In March 1942 MacArthur abandoned the Philippines and retreated to Australia to lick his wounds and promise his return. The Japanese continued their advance across the western Pacific invading New Guinea to Australia’s north. During fierce fighting the Japanese pushed the Australians from the north of the island south along the Kokoda track crossing the 10,000 feet Owen Stanley Mountains. Losing New Guinea would open up Australia to Japanese bombers.
In response, MacArthur committed the 32nd Division to the campaign, instructing them to cross the mountains thirty miles to the south of the Australians and to engage the Japanese bridgehead at Buna. No such path existed. Rather they were expected to create a 120 mile route through dense jungle across steeply mountainous terrain. Unsuitable to vehicles, all supplies had to be carried by hand. The division were mainly national guardsmen and conscripts with no combat experience, jungle training or suitable equipment. Not unsurprisingly they suffered enormously before they ever engaged the enemy. MacArthur had little sympathy. He wanted to inflict the first land-based Japanese defeat of the war.
When they eventually reached Buna, they found an elite and experienced Japanese force that was well dug in. Rather than simply surrounding the encampment and starving the Japanese out, MacArthur ordered the American and Australian forces to take Buna regardless of cost. It was an arrogant, selfish decision by a commander completely out of touch with the terrain and conditions, which led to many needless deaths and woundings, with the time saved serving no strategic benefit.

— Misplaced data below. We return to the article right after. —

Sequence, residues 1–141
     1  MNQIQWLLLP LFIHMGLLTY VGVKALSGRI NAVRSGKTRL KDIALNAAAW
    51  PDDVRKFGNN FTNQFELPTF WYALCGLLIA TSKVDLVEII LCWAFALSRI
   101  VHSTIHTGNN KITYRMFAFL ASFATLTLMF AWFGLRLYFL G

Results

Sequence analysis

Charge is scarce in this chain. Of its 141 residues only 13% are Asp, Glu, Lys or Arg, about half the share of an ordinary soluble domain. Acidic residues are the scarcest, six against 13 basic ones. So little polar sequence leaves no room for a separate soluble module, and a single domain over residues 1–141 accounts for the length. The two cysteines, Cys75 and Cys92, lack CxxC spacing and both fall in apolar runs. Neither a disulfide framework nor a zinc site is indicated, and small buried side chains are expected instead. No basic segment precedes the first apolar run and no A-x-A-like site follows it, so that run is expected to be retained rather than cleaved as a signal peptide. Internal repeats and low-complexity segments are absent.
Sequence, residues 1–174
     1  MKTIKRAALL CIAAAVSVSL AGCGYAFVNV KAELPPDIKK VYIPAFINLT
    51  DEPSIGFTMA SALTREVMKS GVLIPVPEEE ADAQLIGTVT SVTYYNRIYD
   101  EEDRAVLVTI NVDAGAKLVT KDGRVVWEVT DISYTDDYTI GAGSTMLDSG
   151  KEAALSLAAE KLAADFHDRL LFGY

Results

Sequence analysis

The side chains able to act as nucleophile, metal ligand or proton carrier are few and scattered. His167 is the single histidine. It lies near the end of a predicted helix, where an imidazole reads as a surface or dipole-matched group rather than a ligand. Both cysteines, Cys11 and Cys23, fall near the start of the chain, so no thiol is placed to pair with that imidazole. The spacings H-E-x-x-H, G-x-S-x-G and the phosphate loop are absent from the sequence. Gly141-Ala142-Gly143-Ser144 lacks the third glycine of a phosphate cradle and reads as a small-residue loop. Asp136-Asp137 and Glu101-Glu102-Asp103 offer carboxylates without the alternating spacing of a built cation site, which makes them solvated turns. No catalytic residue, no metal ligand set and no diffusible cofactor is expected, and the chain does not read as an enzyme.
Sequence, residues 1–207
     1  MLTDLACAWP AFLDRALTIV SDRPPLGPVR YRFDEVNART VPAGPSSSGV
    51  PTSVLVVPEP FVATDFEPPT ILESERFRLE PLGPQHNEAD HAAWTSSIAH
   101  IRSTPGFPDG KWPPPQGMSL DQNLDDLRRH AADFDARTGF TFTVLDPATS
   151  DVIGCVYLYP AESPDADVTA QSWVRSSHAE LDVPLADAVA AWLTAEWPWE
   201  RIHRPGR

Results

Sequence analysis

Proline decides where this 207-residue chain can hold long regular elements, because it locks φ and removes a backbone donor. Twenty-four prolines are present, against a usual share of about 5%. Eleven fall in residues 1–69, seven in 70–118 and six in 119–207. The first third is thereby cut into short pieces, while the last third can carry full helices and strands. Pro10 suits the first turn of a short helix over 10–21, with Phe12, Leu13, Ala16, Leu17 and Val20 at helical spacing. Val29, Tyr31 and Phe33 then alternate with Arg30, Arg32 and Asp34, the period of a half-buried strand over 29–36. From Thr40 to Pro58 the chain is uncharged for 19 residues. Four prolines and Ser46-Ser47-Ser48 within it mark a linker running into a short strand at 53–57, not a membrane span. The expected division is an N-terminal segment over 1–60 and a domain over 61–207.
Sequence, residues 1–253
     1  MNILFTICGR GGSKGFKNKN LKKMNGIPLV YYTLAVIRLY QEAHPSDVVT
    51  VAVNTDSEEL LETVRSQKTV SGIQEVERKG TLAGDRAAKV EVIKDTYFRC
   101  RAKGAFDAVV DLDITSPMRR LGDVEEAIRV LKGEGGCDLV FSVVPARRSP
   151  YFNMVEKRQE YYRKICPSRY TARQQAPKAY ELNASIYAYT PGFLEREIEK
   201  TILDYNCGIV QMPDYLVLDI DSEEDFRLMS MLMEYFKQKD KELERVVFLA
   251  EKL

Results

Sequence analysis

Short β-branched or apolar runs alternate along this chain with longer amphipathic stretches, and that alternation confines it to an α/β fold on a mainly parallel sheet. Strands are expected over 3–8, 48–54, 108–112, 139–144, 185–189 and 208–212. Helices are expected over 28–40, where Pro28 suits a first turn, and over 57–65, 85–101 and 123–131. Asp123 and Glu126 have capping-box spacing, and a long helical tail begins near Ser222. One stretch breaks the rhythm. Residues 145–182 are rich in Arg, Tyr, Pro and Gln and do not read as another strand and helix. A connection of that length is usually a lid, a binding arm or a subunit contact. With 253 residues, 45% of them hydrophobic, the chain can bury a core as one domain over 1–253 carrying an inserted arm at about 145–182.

The result was that whilst Buna eventually fell, the campaign had one of the highest casualty rates of the war. Out of nearly 11,000 men in the 32nd Division there were 9,688 casualties, 7,125 succumbing to a variety of debilitating diseases such as malaria, dysentery, dengue fever, scrub typhus and hookworm. Some regiments were decimated. For example, the 126th Infantry Regiment were reduced from 131 officers and 3,040 enlisted men, to 32 officers and 579 men when they were transported out in January 1943. In the whole campaign, across all allied services, 3,300 were killed and 5,500 wounded (compared with 1,100 killed and 4,350 wounded at Guadalcanal).
In The Ghost Mountain Boys James Campbell tells the story of the 32nd Division’s campaign in New Guinea, their trek across the Owen Stanley range and the eerie Ghost Mountain, and their struggle to overrun the Japanese at Buna. Campbell’s account is excellent on a number of levels. First, he does a very good job of personalising the story, tracking a number of Division members from senior officers to enlisted men, based on interviews, letters sent home and archival research. We get to know the men, their personal history and family circumstances. Second, he provides amble contextualisation with regards to New Guinea and its strategic position in the war, the history of the division and its campaign, the war in general and in particular MacArthur’s decision making. Third, by translating Japanese war diaries, he manages to detail the campaign from the Japanese’s point of view. Fourth, he manages to convey, with a great deal of sense of place, the geography, terrain and climate of New Guinea, helped in part by retracing the route taken. Throughout it is clear that he has great respect for the people and events he is documenting. The result is a wonderfully engaging narrative that provides a detailed overview of the campaign. Parts of the story have strong emotional resonance, especially the thread concerning the chief medic Simon Warvenhoven, whose love letters to his wife are reproduced throughout the story. In my view, this is military history at its best, working at different levels and registers to give the reader a real sense of the tragedy of war. A poignant but rewarding read.